Perched on 60cm stands and placed well out from the walls, about 50cm, you get a good bass kick out of the Evokes when they are being driven by a Naim Supernait 2 at least. In fact the low end grunt they produce is positively surprising, small speakers have a psychological advantage in this respect, you don’t expect decent bass extension so when it appears it doubles the fun, and that’s certainly the case here. These Dynaudios are also very good at getting out of the way and letting the sound expand into the room, image scale is very good indeed and it’s easy to close your eyes and forget that there are any speakers at all. The post formed corners of what are good solid cabinets really helps here. They cope with Rhiannon Giddens’ high, powerful voice well and pick out the creaking of the stool on Schiff’s Schubert Sonatas and Impromptus, more important is the way that his metronomic timing is so clearly defined, it’s a fabulous bit of playing and the Evokes let you know all about it. This amp speaker pairing produced audiophile spaciousness with Naim timing and an ease that’s very appealing, it’s what we in the trade call a ‘cracking combo’. Just play Radiohead’s ‘Desert Island Disk’ through it and you’ll get the picture.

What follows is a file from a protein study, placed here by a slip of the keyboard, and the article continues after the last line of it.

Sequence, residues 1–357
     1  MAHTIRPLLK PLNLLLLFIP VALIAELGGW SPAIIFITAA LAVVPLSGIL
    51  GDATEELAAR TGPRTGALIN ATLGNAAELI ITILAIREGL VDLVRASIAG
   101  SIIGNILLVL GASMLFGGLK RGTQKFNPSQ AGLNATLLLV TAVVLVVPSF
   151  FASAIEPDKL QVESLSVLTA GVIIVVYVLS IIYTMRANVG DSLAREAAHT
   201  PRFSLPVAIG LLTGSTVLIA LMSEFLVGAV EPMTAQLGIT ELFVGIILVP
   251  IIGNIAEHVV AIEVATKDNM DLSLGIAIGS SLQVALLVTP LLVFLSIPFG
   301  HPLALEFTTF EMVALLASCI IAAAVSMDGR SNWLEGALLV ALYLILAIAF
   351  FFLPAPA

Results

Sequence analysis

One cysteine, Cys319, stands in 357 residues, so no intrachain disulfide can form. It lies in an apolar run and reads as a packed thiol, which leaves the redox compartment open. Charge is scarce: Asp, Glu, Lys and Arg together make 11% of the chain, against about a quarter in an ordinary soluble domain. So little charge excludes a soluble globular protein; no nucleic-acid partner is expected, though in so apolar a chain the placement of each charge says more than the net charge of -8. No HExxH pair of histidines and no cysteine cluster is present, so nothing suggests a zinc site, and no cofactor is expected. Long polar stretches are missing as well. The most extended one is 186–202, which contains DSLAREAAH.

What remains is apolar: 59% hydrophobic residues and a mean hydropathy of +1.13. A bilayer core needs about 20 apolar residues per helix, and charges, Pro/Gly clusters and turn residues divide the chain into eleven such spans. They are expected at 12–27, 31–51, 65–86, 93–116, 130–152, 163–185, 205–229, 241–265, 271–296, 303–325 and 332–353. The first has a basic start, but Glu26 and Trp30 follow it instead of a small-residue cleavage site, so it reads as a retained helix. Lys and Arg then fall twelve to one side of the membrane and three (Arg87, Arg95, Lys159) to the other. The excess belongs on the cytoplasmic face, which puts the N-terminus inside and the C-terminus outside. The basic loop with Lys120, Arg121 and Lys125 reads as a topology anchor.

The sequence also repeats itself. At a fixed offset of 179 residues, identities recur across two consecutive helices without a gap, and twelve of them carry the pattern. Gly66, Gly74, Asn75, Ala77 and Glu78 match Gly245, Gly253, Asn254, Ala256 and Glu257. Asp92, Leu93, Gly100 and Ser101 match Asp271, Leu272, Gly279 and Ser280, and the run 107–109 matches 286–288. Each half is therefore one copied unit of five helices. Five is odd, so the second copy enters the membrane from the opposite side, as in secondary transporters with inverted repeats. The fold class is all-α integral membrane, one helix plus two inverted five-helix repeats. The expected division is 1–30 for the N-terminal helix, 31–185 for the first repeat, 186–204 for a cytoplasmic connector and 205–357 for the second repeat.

Facial hair, tattoos and sandals are not prerequisites for enjoying this speaker

The bass is a bit more fruity than with PMC Twenty.22s but this suits amps like the Cyrus DAC 82 down to a tee. With this amp the PMCs produce s a bigger picture and a tighter groove but the relatively dry nature of the bass is less appealing, this amp is clearly a better match to the Dynaudios. With the Cyrus you get strong physical presence, a real sense of musical tension and solid rather than expansive lows thanks to a lot of detail. The tighter bottom end also allows them to be placed a bit closer to the wall with most material, the bass can sound a bit obvious like this but provides a weight and drive that is rather appealing. On Leifur James’s ‘Red Sea’ (A Louder Silence) you get huge scale and bright, open highs that emphasise cymbals. This Cyrus amp is still on the bright side but the Evoke 20 balances it well and will play at pretty high levels without losing composure. The acoustic guitar picking of Gwenifer Raymond is good and pacey with well defined notes thanks to clear separation. All of which combines to deliver the energy of her playing which gets properly intense with the level wound up.